Negative Plays November 12, 2012
It’s all I thought about (and tweeted about) yesterday. Negative plays are killing us. #TFLU? More like #getTFLU.
I’m a big believer in the Tackles For Loss statistic. Want to find the BCS-conference programs that are flailing? Look at the bottom of the Tackles For Loss Against statistic.
117: Auburn (7.8 tackles for loss given up per game)
118: Colorado (8.0)
119: Illinois (8.4)
120: Maryland (9.1)
Worst team in the SEC, worst team in the Pac12, worst team in the Big Ten, second-worst team in the ACC. All with the same characteristic: giving up negative plays.
Football is about sustaining drives. Which is why turnover margin is such a huge statistic. When you directly hand the ball to your opponent without a punt, you severely limit your chance to win because you’re giving them a short field in which to sustain their drive instead of a long field. And you’re not getting many short fields yourself.
To sustain drives, you have to avoid three things: turnovers, penalties, and negative plays. Most every team – even a team that struggles to move the ball like we do – can put together scoring drives by avoiding these three things. As a general rule, if you can avoid putting yourself in 2nd and 14 or 3rd and 9 situations, you can keep moving the chains.
For an offense like ours, when we’re in those long yardage situations, we’re in trouble. I wrote last week how half of the passing playbook is likely not available because there’s no pocket time to wait for the routes to develop. So when it’s 3rd and 16, we really don’t have many plays we can call. Every passing route beyond the sticks is unavailable because they require 3.5 seconds of pocket time for the receivers to get down the field, and we just don’t ever have that.
So for this offense to move the ball, we have to stay out of long yardage situations. But we can’t. To the tune of 84 times we were tackled in our own backfield. Why does this keep happening? Partly Nate’s decision making, and partly the play calling, and partly (mostly?) the offensive line. Let’s look at the line issues. Starting with recruiting:
+ Chris Watt was at Glenbard West and Christian Lombard at Palatine Fremd, but they both picked Notre Dame. And now they anchor one of the best lines in football. There are countless other examples. Dan Voltz left the state for Wisconsin. Patrick Ward stayed in state… at Northwestern.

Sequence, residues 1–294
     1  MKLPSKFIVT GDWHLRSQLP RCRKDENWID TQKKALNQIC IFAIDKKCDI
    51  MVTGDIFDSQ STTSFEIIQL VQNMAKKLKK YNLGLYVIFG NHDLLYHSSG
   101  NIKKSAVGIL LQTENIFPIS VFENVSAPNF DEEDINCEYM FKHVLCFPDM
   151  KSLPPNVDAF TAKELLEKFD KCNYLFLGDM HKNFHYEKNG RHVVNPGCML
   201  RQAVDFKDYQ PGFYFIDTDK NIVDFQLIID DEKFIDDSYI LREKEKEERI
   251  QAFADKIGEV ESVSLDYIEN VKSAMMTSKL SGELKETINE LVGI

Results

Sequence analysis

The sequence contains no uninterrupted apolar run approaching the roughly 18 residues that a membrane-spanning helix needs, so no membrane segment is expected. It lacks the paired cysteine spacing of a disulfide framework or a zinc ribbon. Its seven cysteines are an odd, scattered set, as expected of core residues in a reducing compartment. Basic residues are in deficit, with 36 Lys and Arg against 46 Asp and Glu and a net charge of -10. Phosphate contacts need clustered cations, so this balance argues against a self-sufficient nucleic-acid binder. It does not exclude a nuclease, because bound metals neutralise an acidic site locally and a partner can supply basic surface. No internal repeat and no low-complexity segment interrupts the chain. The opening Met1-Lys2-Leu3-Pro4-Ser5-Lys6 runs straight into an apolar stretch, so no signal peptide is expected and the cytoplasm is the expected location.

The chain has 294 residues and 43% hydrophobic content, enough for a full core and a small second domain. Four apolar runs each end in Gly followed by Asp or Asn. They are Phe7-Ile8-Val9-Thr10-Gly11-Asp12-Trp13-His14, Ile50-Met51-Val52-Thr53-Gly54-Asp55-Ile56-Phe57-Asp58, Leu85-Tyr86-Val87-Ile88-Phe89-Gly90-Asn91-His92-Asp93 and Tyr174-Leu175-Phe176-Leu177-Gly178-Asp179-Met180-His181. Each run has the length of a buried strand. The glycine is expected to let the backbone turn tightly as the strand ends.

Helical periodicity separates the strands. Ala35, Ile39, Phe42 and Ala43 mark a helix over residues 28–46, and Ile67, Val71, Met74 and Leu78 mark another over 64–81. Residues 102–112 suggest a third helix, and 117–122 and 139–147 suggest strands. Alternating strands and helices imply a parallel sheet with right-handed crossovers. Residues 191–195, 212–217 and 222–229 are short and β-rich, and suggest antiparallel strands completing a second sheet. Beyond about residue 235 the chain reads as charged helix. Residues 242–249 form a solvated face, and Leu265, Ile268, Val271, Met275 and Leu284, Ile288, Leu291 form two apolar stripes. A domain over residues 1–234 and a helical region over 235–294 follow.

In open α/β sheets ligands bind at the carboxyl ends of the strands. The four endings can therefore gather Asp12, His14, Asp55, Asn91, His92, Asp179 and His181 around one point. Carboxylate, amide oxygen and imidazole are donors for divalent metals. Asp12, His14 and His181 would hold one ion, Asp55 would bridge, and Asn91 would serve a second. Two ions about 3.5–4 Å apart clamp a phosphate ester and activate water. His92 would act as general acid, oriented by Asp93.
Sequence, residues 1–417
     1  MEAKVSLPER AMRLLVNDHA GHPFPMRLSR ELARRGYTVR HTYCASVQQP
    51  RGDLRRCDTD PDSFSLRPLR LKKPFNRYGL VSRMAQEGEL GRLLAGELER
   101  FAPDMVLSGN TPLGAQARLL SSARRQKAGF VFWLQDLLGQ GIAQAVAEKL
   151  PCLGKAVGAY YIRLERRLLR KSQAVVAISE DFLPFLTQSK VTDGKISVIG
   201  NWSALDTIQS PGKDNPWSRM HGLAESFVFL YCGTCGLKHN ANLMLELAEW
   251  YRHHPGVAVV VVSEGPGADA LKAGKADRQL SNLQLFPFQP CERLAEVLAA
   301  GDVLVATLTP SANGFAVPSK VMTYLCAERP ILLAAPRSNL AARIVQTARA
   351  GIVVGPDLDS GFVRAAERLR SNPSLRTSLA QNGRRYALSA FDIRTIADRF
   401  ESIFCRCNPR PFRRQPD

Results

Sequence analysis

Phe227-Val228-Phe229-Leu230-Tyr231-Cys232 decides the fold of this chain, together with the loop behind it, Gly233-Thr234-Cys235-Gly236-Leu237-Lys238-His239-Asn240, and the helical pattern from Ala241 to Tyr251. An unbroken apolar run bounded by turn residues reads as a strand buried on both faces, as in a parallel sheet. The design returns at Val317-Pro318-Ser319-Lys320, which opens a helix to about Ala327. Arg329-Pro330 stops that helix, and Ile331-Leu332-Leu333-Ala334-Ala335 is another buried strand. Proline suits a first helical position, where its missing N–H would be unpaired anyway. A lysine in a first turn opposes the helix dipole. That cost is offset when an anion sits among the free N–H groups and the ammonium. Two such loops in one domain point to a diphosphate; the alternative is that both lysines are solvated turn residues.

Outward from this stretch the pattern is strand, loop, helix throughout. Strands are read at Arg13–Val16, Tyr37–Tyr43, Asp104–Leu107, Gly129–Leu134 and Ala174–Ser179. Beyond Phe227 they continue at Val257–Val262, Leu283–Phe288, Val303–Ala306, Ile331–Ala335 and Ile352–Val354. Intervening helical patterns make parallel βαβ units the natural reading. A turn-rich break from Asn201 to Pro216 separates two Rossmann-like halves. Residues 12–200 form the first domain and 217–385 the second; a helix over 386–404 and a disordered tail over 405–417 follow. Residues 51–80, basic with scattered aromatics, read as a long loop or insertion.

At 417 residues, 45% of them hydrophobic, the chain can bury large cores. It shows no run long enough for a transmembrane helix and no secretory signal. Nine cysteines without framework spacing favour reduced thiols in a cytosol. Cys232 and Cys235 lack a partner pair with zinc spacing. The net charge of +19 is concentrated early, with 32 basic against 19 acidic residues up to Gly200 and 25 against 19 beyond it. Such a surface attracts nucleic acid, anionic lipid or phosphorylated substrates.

And these struggles continue – there are five blue chip offensive linemen in Illinois in the 2013 class – not one of them is coming to Illinois. This state consistently produces blue chip linemen. And we consistently are unable to keep them home.
+ Andy Gallik starts for Boston College, and Dan Foose is a backup offensive tackle at Florida State, and both of them had verballed to play for Illinois in 2010 before backing out and selecting other schools. This happened last year, too, as Joey Warburg backed out on his Illinois verbal and picked Purdue.
+ Corey Lewis should have been our starting right tackle this year. But he’s just now returning from 5 knee surgeries.
+ Andrew Carter might have been our other starting tackle this year. But he had a tumor removed from the base of his skull, ending his football career.
+ Leon Hill was a 4-star offensive lineman in the 2009 class, but he didn’t even last a year. He tried transferring to NIU, but couldn’t make it into school. Last I saw he was at Joliet Junior College, but I can’t find where he went from there.
Which leaves us with the current roster. A roster that just hasn’t gelled. When I think of one of our lines gellin’ like a felon, I always think of the 2006-2007 line. We moved Akim Millington from the left side to the right side, and we move Xavier Fulton from the defensive side of the ball to left tackle, and we tried a young kid named Jon Asamoah at right guard, and we caught lightning in a bottle. Once that line gelled together, we went from huge offensive line issues to a top tier line almost overnight.
This year, we keep trying different combinations, but we just can’t find the right one. And with two seniors on the line with two games left, next year will be more of the same – trying to find the right combination of the right players at the right position. And then getting them multiple games playing next to each other so they can begin to work as a unit.
Which means these issues aren’t going away. Which means our Big Ten losing streak probably isn’t going away. Which means I’m depressed.
Want to pick me up, Illini football? Stop giving up tackles for loss. Make it the #1 practice priority. Negative plays are poison.